I've also seen self taught developers - mostly "database developers" - who had the aptitude to break problems down logically and get something working but their code was unmaintanable except by them (barely), didn't scale, and required manual intervention for failure cases.
On the other hand, I've known plenty of business analysts who spend most of their time documenting processing and working with customers who could easily move into development. They seem to have a natural aptitude when it comes to breaking problems down logically.
Some people just can't learn to code. Their mind doesn't operate that way. No one would ever say that why don't people learn how to sing or play sports because those can be high paying careers, because most people understand that not everyone has the natural talent to do so. Why does everyone think that anyone can learn how to be a developer?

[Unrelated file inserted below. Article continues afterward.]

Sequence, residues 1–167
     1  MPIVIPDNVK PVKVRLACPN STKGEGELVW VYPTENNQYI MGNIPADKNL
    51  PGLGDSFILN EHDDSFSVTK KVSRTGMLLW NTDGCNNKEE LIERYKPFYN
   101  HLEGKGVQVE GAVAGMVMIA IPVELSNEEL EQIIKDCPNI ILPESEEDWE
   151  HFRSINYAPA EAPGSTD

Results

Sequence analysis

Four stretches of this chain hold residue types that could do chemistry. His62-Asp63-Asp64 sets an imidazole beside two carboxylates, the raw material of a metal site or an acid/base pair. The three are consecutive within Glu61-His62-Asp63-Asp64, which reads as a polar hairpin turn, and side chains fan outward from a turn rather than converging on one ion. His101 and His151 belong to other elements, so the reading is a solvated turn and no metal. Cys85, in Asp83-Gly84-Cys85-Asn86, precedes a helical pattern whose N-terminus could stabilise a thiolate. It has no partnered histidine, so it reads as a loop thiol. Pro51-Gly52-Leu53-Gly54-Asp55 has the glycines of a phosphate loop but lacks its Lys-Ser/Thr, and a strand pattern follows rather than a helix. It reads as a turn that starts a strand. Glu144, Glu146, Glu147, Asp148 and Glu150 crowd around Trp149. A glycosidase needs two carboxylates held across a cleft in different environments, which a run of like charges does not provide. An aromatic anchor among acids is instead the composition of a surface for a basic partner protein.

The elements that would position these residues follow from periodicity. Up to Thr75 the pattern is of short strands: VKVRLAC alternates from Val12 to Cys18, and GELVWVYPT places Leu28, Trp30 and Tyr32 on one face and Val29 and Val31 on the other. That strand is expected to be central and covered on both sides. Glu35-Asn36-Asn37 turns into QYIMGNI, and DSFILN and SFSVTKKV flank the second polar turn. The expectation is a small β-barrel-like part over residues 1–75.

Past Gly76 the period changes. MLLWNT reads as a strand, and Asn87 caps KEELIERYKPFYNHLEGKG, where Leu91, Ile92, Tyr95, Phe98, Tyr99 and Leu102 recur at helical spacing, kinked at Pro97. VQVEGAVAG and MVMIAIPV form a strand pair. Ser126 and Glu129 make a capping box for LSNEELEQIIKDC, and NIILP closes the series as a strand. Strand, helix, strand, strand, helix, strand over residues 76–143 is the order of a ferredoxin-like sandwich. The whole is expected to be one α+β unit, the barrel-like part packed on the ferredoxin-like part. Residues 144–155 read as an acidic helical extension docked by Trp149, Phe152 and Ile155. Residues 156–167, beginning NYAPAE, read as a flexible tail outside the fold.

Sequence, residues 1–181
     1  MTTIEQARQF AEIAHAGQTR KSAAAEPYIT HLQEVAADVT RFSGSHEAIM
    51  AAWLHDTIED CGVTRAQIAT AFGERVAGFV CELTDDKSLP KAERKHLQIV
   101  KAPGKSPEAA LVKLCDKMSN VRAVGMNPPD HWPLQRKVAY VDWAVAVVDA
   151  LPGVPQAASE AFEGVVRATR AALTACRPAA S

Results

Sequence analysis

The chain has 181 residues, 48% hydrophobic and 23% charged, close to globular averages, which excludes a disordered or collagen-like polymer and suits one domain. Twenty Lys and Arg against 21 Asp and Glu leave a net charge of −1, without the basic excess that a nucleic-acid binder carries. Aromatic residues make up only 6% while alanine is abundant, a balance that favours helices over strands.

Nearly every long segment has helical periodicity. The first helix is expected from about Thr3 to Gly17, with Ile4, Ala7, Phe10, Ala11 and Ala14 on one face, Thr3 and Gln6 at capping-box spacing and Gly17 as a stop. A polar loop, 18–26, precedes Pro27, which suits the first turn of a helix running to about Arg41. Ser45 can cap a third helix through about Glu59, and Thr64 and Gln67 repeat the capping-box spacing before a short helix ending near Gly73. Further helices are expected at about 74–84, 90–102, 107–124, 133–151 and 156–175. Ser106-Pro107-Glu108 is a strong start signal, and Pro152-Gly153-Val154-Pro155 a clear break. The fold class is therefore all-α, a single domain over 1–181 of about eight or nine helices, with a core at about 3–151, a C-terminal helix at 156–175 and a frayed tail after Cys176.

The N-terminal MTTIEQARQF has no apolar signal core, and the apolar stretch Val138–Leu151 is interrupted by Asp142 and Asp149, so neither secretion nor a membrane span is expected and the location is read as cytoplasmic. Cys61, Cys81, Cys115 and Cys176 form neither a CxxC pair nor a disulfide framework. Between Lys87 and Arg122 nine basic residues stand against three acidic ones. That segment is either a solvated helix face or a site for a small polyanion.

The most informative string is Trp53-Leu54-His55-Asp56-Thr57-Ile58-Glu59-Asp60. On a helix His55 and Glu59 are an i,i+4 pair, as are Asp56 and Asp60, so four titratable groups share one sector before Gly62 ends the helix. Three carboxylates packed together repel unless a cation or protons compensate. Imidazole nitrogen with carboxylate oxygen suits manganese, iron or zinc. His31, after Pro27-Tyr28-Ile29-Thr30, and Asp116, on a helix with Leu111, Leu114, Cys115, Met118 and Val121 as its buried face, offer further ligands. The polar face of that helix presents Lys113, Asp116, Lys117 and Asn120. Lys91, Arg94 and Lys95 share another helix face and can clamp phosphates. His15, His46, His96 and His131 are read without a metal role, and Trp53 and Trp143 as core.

Almost anyone can learn how to play sports, or sing, or play instruments. It just takes time and determination. The ones that "make it big" also have luck on their side, but there are plenty of unknown people with equal skill.
Sure, legitimately dumb people will have trouble with knowledge work... but average intelligence is more than enough. The problem is that software is still a relatively new field and we haven't learned how to teach it yet.
I think we're still too focused on implementation details. Language is the medium for expressing ideas, incoherent or poorly developed ideas indicate someone that hasn't learned how to think about the domain yet. When mentoring students or doing code review for new hires, I've found tremendous value in focusing on questions and pointers to software/framework patterns instead of line-level errors. The little stuff matters, but those problems are often driven by higher level complexity.